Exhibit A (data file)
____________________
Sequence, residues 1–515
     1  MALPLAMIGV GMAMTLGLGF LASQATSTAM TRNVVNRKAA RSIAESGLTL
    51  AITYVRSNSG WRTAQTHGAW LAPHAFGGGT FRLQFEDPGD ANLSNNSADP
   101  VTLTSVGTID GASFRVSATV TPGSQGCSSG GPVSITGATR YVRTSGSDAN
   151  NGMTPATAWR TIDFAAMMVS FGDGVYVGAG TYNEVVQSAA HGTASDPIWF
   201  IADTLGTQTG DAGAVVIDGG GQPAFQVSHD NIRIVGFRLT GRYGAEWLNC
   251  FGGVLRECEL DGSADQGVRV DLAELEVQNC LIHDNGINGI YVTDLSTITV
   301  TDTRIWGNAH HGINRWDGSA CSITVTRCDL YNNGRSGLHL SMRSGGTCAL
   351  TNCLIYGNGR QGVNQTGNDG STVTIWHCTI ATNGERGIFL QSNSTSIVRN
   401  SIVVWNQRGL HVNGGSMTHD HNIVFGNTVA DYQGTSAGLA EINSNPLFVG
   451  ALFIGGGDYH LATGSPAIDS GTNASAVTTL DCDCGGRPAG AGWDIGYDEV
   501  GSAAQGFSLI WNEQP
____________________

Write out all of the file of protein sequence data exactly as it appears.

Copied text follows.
Sequence, residues 1–515
     1  MALPLAMIGV GMAMTLGLGF LASQATSTAM TRNVVNRKAA RSIAESGLTL
    51  AITYVRSNSG WRTAQTHGAW LAPHAFGGGT FRLQFEDPGD ANLSNNSADP
   101  VTLTSVGTID GASFRVSATV TPGSQGCSSG GPVSITGATR YVRTSGSDAN
   151  NGMTPATAWR TIDFAAMMVS FGDGVYVGAG TYNEVVQSAA HGTASDPIWF
   201  IADTLGTQTG DAGAVVIDGG GQPAFQVSHD NIRIVGFRLT GRYGAEWLNC
   251  FGGVLRECEL DGSADQGVRV DLAELEVQNC LIHDNGINGI YVTDLSTITV
   301  TDTRIWGNAH HGINRWDGSA CSITVTRCDL YNNGRSGLHL SMRSGGTCAL
   351  TNCLIYGNGR QGVNQTGNDG STVTIWHCTI ATNGERGIFL QSNSTSIVRN
   401  SIVVWNQRGL HVNGGSMTHD HNIVFGNTVA DYQGTSAGLA EINSNPLFVG
   451  ALFIGGGDYH LATGSPAIDS GTNASAVTTL DCDCGGRPAG AGWDIGYDEV
   501  GSAAQGFSLI WNEQP